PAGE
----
How to Curb Extreme Behavior in Toddlers

You know parenting is stressful when your kid threatens to kill you. Even when your toddler doesn’t understand what was said, it’s a shocker. CityMama wrote the following this week on her blog:

"Wallie was being a complete turd, and at one point, when something wasn’t going her way and I wasn’t relenting, she said and I quote: ‘I’m going to kill you then I will have no mamma. Hmph.’

Yes, she’s three. No, she doesn’t quite understand what it means. She just knows what she hears her older sister say* and knows it’s something that triggers strong emotions."

*CityMama indicated she recently discussed the difference between the words "die" and "kill" with the older child and the younger child presumably overheard.

I know a 7-year-old boy who has said similarly hateful things to his mom, and for the past 2 years has said the following when very angry: "I wish I were dead!"

If it were my 3-year-old who spoke those words, I’d be frantic for answers.

If she learned the words from a playmate, we’d talk to the parents and say goodbye to that friend if we felt he or she was a continuing bad influence. For a toddler, that is totally doable.

TV, videos and movies aren’t an influence yet because we haven’t exposed her. I’m one of those parents who believes video learning and entertainment do more harm than good in the early years (a debate for another day).

If she learned the idea from preschool, I know our teacher would intervene. To quote our teacher:

"I explain loud enough for everyone to hear that saying things to others for the purpose of making them feel bad is not allowed at school, even if it is only pretend. I reiterate that we are a peaceful school and that means no fighting and no ‘bad guys,’ even though in real life there may be bad guys somewhere, we make sure they are not at our school. If a student continued to make offensive statements, he would not be able to come to school as a consequence.

But I do feel that it is natural for children to explore good-bad in imaginative play, as well as scenarios fraught with conflict.  They are trying to work out the battle between their impulsiveness, delayed gratification, vindictiveness, and doing the ‘right’ thing."

The worst thing our daughter has said in a heated moment was when she was given a time-out by her mother.

Angry voice: "I don’t want you to be my mom!"

Calm voice: "Okay, if I’m not your mom, then I can’t help you with anything. I don’t know you. You don’t know me. When you’re done with your tantrum you can go find your father because you don’t have a mother anymore."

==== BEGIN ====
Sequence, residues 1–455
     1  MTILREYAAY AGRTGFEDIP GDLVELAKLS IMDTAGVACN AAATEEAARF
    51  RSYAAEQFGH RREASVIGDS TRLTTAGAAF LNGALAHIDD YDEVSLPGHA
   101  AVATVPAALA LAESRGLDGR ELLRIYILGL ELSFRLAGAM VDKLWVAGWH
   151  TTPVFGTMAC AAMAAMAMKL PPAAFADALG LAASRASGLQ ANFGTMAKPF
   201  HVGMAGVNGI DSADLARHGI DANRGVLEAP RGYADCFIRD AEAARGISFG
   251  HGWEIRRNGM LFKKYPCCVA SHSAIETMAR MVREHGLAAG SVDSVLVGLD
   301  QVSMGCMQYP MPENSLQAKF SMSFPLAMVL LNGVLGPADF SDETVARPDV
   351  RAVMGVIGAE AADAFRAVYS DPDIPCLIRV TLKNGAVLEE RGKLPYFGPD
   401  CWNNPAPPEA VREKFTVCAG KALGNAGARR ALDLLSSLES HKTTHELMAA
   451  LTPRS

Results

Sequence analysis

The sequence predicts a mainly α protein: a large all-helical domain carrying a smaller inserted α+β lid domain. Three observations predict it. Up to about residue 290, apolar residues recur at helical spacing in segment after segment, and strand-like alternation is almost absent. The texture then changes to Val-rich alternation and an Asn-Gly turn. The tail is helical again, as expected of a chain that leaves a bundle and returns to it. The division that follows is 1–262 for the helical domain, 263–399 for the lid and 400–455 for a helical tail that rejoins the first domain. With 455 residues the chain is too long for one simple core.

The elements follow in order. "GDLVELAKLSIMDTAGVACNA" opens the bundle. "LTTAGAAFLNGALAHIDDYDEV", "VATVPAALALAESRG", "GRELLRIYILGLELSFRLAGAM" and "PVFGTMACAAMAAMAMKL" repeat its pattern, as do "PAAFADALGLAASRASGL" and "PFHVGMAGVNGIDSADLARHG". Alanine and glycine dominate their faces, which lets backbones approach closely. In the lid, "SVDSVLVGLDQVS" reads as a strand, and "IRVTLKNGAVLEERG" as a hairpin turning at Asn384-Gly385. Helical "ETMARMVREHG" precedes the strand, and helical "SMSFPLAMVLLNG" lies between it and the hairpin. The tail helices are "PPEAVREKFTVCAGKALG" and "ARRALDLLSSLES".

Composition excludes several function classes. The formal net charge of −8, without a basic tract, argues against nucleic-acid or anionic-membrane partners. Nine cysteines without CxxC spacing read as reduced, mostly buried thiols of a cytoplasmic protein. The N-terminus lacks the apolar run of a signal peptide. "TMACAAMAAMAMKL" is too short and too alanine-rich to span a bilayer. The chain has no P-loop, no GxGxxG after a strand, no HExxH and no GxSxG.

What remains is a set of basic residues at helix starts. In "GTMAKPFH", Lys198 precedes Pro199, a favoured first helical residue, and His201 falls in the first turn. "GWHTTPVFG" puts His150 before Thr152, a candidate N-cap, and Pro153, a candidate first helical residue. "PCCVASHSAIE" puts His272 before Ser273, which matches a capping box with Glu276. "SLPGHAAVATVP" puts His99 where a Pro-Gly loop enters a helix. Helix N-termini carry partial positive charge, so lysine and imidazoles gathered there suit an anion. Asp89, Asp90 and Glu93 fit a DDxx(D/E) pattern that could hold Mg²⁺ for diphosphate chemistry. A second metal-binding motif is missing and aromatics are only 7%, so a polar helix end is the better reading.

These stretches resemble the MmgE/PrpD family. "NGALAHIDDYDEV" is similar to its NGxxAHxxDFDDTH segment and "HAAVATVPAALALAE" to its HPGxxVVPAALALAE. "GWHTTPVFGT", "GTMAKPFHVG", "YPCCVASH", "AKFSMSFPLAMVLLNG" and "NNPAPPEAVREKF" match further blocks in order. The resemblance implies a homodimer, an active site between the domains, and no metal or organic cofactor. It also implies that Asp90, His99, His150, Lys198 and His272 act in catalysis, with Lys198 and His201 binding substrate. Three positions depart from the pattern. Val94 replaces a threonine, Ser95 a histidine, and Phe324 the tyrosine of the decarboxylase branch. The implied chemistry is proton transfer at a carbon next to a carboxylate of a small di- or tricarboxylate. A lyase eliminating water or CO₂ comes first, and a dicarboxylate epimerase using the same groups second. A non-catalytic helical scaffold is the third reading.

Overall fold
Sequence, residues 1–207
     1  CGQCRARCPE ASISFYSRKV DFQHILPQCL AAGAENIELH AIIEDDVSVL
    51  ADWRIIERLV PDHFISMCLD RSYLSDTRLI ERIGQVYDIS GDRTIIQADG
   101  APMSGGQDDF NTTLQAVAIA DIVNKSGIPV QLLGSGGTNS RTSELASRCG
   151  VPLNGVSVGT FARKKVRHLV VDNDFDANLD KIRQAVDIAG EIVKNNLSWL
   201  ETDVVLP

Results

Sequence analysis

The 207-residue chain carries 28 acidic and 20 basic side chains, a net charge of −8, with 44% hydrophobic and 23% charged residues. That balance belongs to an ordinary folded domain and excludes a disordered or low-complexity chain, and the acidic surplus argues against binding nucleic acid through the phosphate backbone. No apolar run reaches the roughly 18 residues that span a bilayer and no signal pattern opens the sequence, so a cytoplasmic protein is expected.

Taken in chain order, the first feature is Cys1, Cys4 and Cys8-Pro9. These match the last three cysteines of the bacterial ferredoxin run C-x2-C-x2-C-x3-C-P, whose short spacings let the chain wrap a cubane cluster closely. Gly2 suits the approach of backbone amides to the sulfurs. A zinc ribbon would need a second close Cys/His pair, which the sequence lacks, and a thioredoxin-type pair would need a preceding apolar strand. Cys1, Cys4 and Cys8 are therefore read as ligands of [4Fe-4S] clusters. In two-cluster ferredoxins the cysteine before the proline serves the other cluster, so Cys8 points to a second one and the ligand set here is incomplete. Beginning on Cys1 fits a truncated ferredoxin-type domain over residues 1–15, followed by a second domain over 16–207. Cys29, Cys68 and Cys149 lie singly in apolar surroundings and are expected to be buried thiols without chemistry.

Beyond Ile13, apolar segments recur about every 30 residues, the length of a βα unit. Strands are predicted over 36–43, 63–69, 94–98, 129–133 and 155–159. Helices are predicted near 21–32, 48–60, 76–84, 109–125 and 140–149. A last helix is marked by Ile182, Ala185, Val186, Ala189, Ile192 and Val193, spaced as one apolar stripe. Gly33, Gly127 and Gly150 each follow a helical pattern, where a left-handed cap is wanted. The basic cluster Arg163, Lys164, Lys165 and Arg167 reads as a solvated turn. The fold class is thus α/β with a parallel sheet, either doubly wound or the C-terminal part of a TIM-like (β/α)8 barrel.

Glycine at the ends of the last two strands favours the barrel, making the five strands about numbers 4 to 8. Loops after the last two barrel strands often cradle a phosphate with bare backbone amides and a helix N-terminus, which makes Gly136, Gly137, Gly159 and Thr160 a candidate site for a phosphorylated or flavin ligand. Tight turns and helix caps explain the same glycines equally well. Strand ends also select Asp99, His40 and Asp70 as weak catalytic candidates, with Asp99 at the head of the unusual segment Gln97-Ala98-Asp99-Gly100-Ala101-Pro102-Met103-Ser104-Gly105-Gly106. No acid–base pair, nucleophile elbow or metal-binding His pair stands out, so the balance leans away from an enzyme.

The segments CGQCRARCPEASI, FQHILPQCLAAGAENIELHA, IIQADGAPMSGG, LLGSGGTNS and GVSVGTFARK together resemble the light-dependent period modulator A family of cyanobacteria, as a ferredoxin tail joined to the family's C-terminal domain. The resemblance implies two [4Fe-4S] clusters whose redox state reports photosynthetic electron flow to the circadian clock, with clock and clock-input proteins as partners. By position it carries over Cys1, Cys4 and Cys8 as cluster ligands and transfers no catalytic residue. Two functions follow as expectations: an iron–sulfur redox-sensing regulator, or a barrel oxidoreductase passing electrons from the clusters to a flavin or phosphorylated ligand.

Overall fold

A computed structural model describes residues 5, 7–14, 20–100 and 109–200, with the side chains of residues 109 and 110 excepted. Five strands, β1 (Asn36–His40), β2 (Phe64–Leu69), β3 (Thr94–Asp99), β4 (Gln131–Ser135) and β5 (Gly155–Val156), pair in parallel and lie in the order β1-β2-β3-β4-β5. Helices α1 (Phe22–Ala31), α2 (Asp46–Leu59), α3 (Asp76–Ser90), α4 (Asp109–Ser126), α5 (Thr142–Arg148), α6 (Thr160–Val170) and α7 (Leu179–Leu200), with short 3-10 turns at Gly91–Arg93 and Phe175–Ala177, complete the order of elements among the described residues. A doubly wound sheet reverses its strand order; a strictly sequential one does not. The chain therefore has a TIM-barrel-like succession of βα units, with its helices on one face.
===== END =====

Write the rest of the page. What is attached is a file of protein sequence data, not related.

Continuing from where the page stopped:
Our daughter took a few minutes to consider the consequences of her actions and then returned to her mom, hugged her and said, "I love my mom."

Death is an open subject in our home. What do you do when your toddler asks where her other grandma is? Well,
snap decision, rather than change the subject, I explained death. From at least the 2-year mark, we’ve discussed it. My mother-in-law and one of my brothers are dead, and when we talk about them, Little Miss wants to know who they are.

It has left us freer to mention our deceased relatives in our spouse-to-spouse conversations and is an opportunity to share with our daughter stories about the relatives she’ll never meet except through photos.

Little Miss won’t have an emotional understanding of death without first-hand experience, but at 3-years she knows that when someone is dead they don’t come back and that everyone dies one day, including mom and dad. They won’t walk in the front door, you won’t see them at the playground, and so forth. She knows people get buried, but hasn’t asked yet where her relatives are buried.

Our preschool teacher told me the following about how she handles the subject:

"We have talked at school a bit regarding death, like that my mother and father are dead (they always wonder who makes my lunch for me…) and that bugs such as ants die. At this age the concept is relatively benign, akin to moving away or going on a long trip. A few people in the class have referred vaguely to ‘heaven’ and we do sing the Found a Peanut song where we eat a rotten peanut and end up dying and going to heaven, but I just refer to it as a ‘silly song’ and an admonition not to eat food off the ground."

Pirates presented a problem for us. The first time Little Miss pretended to be a pirate, she told us she killed an imaginary man and took his possessions. I previously had explained pirates as "people who sail in ships searching for gold," but my wife later explained them in far too much detail. So, she handled this one.

"Who was the man?"

"Just some old guy."

"Oh, he was old? So he’s somebody’s papa?"

"No, he’s really old."

"Oh, so he’s somebody’s grandpa, like Opa?" [my father-in-law]

Little Miss became quiet for a moment, then said: "Well, I didn’t really kill him. I was just pretending."

"Well, it’s not okay to pretend to kill people. We kill ants that come in our home and animals for food, but we don’t kill other people."